Materials Sciences and Applicatio ns, 2011, 2, 1298-1301
doi:10.4236/msa.2011.29175 Published Online September 2011 (
Copyright © 2011 SciRes. MSA
A Top-Down Approach of Making Sn-3.5Ag
Nanosolder Alloy by Swirl Method
Hsin Jen Pan1, Chao Yang Lin1*, Jung Hua Chou1, Udit Surya Mohanty2*, Yuan Gee Lee3
1Department of Engineering Science, National Cheng Kung University, Tainan, Taiwan (China); 2Department of Materials Science
and Engineering, National Cheng Kung University, Taiwan (China); 3Department of Automation Engineering and Institute of
Mechatronoptic Systems, Chien-Kuo Institute of Technology, Changhua, Taiwan (China).
Email: *, *
Received January 18th, 2011; revised February 9th, 2011; accepted March 20th, 2011.
The nanoparticles of tin-silver sold er, Sn-3.5Ag, of necklace geometry were made in a swirl batch. It was found that the
addition of the element, Ag, did not vary the microstru cture of the solder matrix, but Ag simp ly diluted into th e Sn ma-
trix randomly. The swirl flow facilitated th e formation of particles with different sizes. It was found that the size distri-
bution of the nanoparticles was strongly related to the height in the swirl batch. In addition, the aggregation of the
nanoparticles was explored and the dispersion of the nanoparticles was achieved by adjusting the pH value of the solu-
tion near the neu tral value.
Keywords: Swirl Flow, Particle Size Distribution, Nanoparticle Aggregation
1. Introduction
Due to the advances in semiconductor manufacturing
technology, the feature size of the complementary
metal-oxide semiconductor (CMOS) structure could ap-
proache nano-scale length. Metal tin is always a major
component of the solder matrix which serves as an inter-
connection between the device and substrate. However, it
cannot withstand the mechanical requirements at ele-
vated temperatures. Traditional lead alloys are being
phased out [1]. Many researchers have been looking for
alternatives to replace lead [2-4]. Eutectic tin-silver,
Sn-3.5Ag, is a popular replacement since the soldering
temperature and surface tension near to that of Sn-37Pb
solder [5]. Metal nanoparticles have recently received
great attention. The nano-metal is not only employed in
photonics, but it also has potential applications in opto-
electronics [6]. Moreover, tin particles also follow Bar-
bier-type allyation reactions and also serve as an abrasive
to antiwear under loading, resulting in reduction of the
particle size to the nanometer scale [7]. Based on these
specific advantages, the size of the Sn-3.5Ag alloy is
scaled down to nanometer scale using the swirl method; a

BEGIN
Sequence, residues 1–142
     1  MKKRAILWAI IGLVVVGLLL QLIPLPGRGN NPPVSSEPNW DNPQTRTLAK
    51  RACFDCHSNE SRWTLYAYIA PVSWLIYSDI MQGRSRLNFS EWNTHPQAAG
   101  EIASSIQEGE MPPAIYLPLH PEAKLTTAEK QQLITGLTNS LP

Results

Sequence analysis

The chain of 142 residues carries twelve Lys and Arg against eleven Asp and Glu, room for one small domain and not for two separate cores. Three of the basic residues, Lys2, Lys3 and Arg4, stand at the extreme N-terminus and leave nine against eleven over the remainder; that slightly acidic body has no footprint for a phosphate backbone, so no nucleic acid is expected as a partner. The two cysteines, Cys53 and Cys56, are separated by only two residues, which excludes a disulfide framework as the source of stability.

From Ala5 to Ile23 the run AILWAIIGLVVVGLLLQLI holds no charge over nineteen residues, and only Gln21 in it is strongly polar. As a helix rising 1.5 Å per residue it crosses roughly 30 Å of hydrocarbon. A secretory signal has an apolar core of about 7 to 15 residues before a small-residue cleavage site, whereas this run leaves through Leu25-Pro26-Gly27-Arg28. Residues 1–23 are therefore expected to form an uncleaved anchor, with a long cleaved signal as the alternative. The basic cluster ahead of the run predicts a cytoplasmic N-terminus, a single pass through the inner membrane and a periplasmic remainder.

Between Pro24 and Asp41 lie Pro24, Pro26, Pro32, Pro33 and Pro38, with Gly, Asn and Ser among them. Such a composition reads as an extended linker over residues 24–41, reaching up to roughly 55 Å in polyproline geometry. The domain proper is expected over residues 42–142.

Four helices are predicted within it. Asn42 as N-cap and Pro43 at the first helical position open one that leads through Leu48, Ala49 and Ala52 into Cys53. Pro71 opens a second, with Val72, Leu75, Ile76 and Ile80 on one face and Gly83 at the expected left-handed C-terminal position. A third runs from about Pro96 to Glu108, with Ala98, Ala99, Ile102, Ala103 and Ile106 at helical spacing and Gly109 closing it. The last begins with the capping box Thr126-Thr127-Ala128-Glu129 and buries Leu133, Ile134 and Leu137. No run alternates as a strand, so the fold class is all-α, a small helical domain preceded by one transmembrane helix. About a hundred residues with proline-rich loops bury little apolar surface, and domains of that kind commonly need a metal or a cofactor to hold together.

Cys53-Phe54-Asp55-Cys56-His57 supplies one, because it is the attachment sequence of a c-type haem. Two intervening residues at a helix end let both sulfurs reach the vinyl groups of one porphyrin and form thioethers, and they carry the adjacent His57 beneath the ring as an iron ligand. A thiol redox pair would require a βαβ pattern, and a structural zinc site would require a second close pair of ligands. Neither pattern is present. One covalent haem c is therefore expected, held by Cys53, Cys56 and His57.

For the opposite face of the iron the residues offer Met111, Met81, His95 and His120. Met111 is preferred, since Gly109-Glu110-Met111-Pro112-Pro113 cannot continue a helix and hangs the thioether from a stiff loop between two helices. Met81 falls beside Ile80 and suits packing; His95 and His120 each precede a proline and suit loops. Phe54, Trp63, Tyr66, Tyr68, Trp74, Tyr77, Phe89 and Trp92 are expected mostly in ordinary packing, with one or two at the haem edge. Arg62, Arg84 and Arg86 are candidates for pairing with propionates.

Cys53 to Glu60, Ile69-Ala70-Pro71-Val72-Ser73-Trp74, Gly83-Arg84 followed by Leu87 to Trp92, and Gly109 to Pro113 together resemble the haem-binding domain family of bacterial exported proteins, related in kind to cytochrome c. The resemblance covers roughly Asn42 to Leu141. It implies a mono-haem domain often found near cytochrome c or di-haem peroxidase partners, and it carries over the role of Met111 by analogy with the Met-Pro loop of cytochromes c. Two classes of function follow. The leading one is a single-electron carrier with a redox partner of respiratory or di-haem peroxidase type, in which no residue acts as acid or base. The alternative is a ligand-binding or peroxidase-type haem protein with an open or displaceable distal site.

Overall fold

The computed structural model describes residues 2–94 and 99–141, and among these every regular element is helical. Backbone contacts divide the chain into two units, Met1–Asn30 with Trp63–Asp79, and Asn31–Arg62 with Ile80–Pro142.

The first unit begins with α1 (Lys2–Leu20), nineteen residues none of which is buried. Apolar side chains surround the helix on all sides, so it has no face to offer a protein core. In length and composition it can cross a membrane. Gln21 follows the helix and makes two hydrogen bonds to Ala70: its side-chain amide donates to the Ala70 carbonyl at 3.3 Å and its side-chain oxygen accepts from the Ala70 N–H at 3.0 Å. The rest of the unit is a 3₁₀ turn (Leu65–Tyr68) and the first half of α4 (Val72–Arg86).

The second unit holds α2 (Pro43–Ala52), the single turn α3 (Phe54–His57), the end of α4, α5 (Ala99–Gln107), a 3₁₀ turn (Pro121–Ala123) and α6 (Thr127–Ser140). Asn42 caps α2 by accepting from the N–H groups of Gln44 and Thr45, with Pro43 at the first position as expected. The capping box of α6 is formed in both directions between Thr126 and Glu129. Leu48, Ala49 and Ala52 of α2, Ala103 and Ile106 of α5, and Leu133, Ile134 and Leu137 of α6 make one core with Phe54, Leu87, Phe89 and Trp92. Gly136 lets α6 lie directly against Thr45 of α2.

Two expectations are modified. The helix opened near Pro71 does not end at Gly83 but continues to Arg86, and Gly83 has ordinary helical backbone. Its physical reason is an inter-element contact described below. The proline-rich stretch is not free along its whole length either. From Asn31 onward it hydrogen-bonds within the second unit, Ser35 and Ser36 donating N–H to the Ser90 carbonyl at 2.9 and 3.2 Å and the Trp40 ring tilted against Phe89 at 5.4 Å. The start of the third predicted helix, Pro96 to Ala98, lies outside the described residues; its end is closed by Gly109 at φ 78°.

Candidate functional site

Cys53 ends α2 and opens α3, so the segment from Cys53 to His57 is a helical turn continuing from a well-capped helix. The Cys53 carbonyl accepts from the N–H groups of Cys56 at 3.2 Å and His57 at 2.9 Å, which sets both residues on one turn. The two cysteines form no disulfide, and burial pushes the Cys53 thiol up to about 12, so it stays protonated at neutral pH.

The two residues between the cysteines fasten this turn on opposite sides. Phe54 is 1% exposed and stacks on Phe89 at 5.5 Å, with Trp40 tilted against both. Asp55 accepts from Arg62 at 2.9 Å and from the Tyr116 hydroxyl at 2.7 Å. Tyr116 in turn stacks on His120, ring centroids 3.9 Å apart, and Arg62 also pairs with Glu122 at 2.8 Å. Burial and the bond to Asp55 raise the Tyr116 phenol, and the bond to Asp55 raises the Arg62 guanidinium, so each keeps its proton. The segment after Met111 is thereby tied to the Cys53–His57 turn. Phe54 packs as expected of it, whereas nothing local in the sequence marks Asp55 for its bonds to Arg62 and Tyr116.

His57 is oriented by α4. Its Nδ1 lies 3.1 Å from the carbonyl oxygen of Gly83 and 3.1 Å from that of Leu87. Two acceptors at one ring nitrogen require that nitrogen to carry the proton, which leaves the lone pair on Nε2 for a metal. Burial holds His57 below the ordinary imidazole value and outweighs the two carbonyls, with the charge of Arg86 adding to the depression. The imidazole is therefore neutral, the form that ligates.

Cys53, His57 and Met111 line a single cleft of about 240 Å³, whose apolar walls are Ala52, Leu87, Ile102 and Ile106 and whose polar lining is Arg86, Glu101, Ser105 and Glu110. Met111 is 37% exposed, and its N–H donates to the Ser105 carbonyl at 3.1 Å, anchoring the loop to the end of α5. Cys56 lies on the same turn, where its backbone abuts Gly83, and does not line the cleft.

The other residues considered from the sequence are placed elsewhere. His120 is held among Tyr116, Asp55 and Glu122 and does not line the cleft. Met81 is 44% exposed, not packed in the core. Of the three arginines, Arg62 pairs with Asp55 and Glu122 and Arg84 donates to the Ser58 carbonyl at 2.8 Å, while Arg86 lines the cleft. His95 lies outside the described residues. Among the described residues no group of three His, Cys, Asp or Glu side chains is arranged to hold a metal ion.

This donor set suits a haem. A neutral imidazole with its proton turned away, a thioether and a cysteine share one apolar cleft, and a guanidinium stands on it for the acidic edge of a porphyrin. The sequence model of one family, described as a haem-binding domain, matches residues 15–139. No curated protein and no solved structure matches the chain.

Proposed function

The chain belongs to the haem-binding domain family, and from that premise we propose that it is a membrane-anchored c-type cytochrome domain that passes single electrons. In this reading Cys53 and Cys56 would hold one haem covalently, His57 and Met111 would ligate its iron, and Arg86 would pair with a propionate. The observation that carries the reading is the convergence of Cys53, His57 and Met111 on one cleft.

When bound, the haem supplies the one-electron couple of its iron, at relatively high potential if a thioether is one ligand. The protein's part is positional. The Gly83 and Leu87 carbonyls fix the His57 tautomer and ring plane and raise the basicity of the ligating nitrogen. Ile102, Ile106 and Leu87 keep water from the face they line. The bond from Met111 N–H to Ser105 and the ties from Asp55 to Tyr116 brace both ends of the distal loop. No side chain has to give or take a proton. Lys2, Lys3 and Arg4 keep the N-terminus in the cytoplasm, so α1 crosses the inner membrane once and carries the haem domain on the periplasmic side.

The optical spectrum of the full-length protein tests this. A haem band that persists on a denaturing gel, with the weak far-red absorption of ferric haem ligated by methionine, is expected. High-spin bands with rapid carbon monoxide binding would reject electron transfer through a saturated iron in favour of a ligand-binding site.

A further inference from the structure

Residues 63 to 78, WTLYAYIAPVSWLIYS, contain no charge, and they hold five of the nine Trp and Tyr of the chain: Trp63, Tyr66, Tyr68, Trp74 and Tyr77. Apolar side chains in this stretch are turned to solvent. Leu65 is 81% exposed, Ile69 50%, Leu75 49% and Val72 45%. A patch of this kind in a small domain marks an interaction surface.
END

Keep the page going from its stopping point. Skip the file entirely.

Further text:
technique to sieve solid p article size in fluidic bed facili-
ties [8].
2. Experimental Procedure
Metals Sn (99.8%), Ag (99.9%) and paraffin oil (99.8%)
were commercial chemicals. 9.65 grams of Sn powder
was blended with 0.35 grams of Ag powder in a sealed
vacuum glass tube. The tube was heated to 260˚C in an
oven for 2 hours with intermittent shaking. This alloy
was then checked for uniformity and then immersed in
the heating solvent swirl batch of paraffin oil, at 320˚C
for 10 hours. Aliquots were removed and quenched into
liquid nitrogen to prevent aggregation. The viscous solu-
tion, composed of nanoparticles and paraffin, was
blended with chloroform to dilute th e paraffin. The solu-
tion was centrifuged and then was diluted in turn three
times. The nanoparticles formed as black sediments at
the bottom of the tube. The nanoparticles were washed
with water and acetone several times until pH = 7 then
vacuum dried at 40˚C for 12hrs. The upper zone, chloro-
form, was dried out and then the black sediment was
sampled to identify its phase with X-ray diffraction (Ri-
kagu). To prevent the nanoparticles from aggr egation, the
rest of the sediment was dissolved in ammonium hy-
droxide (NH4OH) and dispersed using an ultrasonic
shaker. The alkaline, NH4OH solution was dispensed
onto a glass substrate. After drying, the morphology of
the particle was investigated by a scanning electron mi-
A Top-Down Approach of Making Sn-3.5Ag Nanosolder Alloy by Swirl Method1299
croscope (SEM 2500, Hitachi) and the diffraction pattern
was obtained by a high resolution TEM (JEOL 2100).
3. Results and Discussion
3.1. Morphology Investigation and Phase
Uniform Sn-3.5Ag nanoparticles were prepared and dis-
persed successfully by the swirl method. However, the
nanoparticles did not disperse individually but joined
together with necklace morphology. The nanoparticles
thus formed showed active surfaces [9].
The trace element, Ag, was resolved in the tin matrix
homogeneously. Figure 1 shows the HRTEM diffraction
pattern of Sn-3.5Ag nanoparticles. This pattern was iden-